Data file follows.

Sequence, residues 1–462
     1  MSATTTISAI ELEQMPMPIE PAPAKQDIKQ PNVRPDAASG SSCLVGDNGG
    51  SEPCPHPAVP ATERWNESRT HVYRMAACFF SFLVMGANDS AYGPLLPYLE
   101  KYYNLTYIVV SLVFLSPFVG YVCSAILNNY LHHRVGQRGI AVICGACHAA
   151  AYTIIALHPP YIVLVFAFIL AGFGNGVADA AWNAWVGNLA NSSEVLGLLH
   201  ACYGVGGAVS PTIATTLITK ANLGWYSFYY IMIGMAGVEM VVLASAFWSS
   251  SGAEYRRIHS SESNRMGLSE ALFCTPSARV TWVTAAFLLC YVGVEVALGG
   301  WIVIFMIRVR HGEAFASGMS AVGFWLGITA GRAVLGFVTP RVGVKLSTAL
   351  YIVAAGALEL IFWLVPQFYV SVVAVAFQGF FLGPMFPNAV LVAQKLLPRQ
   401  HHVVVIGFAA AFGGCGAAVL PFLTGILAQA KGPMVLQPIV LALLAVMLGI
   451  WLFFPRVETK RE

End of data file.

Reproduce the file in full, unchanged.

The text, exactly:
Sequence, residues 1–462
     1  MSATTTISAI ELEQMPMPIE PAPAKQDIKQ PNVRPDAASG SSCLVGDNGG
    51  SEPCPHPAVP ATERWNESRT HVYRMAACFF SFLVMGANDS AYGPLLPYLE
   101  KYYNLTYIVV SLVFLSPFVG YVCSAILNNY LHHRVGQRGI AVICGACHAA
   151  AYTIIALHPP YIVLVFAFIL AGFGNGVADA AWNAWVGNLA NSSEVLGLLH
   201  ACYGVGGAVS PTIATTLITK ANLGWYSFYY IMIGMAGVEM VVLASAFWSS
   251  SGAEYRRIHS SESNRMGLSE ALFCTPSARV TWVTAAFLLC YVGVEVALGG
   301  WIVIFMIRVR HGEAFASGMS AVGFWLGITA GRAVLGFVTP RVGVKLSTAL
   351  YIVAAGALEL IFWLVPQFYV SVVAVAFQGF FLGPMFPNAV LVAQKLLPRQ
   401  HHVVVIGFAA AFGGCGAAVL PFLTGILAQA KGPMVLQPIV LALLAVMLGI
   451  WLFFPRVETK RE